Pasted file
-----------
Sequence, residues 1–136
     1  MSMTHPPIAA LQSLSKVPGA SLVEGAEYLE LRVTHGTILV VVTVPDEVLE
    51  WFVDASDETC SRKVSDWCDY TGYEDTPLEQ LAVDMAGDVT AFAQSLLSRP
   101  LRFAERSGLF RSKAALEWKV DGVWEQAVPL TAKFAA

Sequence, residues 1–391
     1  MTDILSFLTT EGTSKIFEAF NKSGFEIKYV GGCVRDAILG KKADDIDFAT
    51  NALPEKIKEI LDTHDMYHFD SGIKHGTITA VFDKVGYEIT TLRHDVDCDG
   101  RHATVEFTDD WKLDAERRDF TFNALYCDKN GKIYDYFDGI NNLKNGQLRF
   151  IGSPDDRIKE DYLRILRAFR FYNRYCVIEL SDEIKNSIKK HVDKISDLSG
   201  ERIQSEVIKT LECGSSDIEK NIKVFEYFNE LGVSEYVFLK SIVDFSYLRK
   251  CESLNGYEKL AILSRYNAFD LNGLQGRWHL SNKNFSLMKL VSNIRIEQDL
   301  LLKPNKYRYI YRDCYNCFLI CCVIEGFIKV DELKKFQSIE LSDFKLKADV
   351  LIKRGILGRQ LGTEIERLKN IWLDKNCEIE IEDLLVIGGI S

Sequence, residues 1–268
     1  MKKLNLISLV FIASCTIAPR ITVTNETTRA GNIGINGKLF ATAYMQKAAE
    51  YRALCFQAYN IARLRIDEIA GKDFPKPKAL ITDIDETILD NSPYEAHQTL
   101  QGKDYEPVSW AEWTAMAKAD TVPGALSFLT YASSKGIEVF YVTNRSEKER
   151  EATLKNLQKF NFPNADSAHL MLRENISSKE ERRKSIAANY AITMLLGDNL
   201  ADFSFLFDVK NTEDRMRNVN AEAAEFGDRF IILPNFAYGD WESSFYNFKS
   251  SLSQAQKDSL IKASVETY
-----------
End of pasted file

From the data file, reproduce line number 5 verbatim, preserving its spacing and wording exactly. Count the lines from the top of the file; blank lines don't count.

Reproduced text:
Sequence, residues 1–391